Here’s What You Need to Remember: While the F-14 Tomcat was retired from service with the Navy, and supplanted by the Boeing F/A-18E/F Super Hornet, it remains in use by the Islamic Republic of Iran Air Force. Only a handful of the planes, which were purchased by the Imperial Iranian Air Force in the 1970s, remain in operation.
During its three decades in service with the United States Navy the Grumman F-14 Tomcat more than lived up to the role, it was designed for, drawing blood in combat and even getting its moment in the spotlight in the film Top Gun. Designed to incorporate the air combat experience learned during the Vietnam War, the F-14 Tomcat was the first of the American "Teen Series" fighters that included the F-15 Eagle, F-16 Fighting Falcon and the F/A-18 Hornet.
The two-seat carrier-based multi-role fighter was developed after the United States Congress halted the development of the F-111B along with the Tactical Fighter Experimental (TFX) program. While the goal of that program was to supply both the United States Air Force and the United States Navy with the planes to fit each of their respective needs, the Navy was opposed.
Instead, the Navy called for a request for proposals for its Naval Fighter Experimental (VFX) program, which required a tandem two-seat, twin-engine air-to-air fighter. Grumman was awarded the contract in January 1969. The result was the F-14 "Tomcat" – named so partially to honor Navy Admiral Thomas "Tomcat" Connelly who had called upon Congress for the Navy to develop a carrier-based fighter.
The F-14, which made its first deployment in 1974, arrived as a supersonic, twin-engine, variable-sweep wing, two-place fighter that was designed to engage enemy aircraft in all weather conditions as well as at night. It was designed to track up to 24 targets simultaneously. The plane featured an advanced weapons system that includes a powerful Hughes AWG-9 radar, which used in conjunction with the Phoenix AIM-54A missiles, can pick out and destroy a chosen target from a formation at a distance of over 100 miles. Additional armaments include a variety of other intercept missiles, rockets, bombs and an internal M61A1 Vulcan 20mm Gatling-style rotary cannon.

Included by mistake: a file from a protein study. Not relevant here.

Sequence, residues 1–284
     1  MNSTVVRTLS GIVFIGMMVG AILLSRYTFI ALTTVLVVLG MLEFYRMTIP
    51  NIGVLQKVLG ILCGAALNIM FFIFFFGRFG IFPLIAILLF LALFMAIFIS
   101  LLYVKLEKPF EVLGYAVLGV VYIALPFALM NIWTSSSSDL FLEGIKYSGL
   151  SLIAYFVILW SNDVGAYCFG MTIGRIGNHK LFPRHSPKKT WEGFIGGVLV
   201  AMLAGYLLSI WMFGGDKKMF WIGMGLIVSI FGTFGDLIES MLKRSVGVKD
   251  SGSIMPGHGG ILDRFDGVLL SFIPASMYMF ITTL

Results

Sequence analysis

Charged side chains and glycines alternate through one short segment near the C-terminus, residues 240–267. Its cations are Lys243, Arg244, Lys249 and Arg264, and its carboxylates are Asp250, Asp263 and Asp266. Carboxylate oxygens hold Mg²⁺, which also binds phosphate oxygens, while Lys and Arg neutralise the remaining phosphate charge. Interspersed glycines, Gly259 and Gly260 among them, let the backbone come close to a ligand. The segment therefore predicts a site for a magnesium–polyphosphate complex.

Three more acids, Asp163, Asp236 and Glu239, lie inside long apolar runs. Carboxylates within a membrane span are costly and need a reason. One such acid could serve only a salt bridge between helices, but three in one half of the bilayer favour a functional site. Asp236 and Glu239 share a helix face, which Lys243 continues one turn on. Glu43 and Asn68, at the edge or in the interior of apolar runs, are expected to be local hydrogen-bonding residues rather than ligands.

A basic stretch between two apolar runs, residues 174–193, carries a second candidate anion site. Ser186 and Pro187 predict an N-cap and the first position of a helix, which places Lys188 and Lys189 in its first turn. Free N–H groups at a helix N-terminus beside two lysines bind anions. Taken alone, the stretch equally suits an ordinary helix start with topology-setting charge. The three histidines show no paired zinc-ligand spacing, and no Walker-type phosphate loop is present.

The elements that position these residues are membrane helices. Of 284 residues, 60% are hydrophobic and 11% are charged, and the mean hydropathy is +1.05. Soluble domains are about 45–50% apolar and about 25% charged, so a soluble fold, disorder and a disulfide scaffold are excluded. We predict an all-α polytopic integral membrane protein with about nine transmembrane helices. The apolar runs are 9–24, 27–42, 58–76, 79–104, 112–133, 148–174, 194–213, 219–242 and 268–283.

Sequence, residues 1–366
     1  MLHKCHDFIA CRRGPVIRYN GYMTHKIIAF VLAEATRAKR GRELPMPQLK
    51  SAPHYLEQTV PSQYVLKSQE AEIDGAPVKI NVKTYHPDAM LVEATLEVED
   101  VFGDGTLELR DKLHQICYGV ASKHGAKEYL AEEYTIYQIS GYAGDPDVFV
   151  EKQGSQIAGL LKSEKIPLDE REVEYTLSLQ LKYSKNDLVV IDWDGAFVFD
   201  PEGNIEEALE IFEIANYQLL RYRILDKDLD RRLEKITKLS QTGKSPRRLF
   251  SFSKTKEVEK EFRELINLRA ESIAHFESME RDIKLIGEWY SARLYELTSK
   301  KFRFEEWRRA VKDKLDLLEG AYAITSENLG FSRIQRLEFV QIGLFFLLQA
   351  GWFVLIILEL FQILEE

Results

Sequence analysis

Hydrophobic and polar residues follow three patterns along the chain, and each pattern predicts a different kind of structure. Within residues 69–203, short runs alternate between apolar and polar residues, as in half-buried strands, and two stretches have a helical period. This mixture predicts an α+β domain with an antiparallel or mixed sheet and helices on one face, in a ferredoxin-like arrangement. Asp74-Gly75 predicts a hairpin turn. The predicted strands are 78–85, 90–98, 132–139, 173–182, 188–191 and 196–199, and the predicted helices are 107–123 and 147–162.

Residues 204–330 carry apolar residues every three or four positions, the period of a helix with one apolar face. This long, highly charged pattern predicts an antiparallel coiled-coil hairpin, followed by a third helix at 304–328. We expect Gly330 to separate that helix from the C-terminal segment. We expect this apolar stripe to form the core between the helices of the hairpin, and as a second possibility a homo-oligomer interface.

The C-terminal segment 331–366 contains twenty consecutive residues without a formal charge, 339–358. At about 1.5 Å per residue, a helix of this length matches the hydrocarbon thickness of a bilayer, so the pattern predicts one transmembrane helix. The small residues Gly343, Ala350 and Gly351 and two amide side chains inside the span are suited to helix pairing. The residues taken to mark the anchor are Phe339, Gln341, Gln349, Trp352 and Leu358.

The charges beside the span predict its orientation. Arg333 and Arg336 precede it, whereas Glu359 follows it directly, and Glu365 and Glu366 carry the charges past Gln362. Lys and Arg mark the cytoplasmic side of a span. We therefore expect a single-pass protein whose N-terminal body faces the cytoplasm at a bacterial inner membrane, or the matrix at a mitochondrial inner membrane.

With its variable-sweep wing, the F-14 Tomcat could match the speeds of other aircraft as needed—and for takeoff and low-speed flight, the wings would shift to the front, while for supersonic speeds the wings could tuck backward. Because of its versatility, it served as an air superiority fighter, fleet defense interceptor and even tactical reconnaissance platform.
The Tomcat drew its first blood in August 1981 during the "Gulf of Sidra incident," in which two F-14s were attacked by a pair of Libyan Su-22 Fitters. Both Fitters were shot down, but the events would be replayed nearly eight years later when in January 1989 another pair of F-14 Tomcats shot down two Libyan MiG-23 "Floggers" again over the Gulf of Sidra.
The U.S. Navy continued to rely on the F-14 Tomcat throughout the 1990s and early 2000s, where it was utilized in strike escort and reconnaissance roles in Operation Desert Storm as well in Operation Deliberate Force and Operation Allied Force in the conflicts in the former Yugoslavia. The F-14 Tomcat's final combat mission took place in February 2006 when two Tomcats were used in a bombing mission in Iraq.
While the F-14 was retired from service with the Navy, and supplanted by the Boeing F/A-18E/F Super Hornet, the Tomcat remains in use with the Islamic Republic of Iran Air Force. Only a handful of the planes, which were purchased by the Imperial Iranian Air Force in the 1970s, remain in operation but according to reports these aircraft have flown escort missions in Syria proving that even after nearly 50 years the Tomcat still has sharp claws.
Peter Suciu is a Michigan-based writer who has contributed to more than four dozen magazines, newspapers and website. He is the author of several books on military headgear including A Gallery of Military Headdress, which is available on Amazon.com. This article is being republished due to reader interest.
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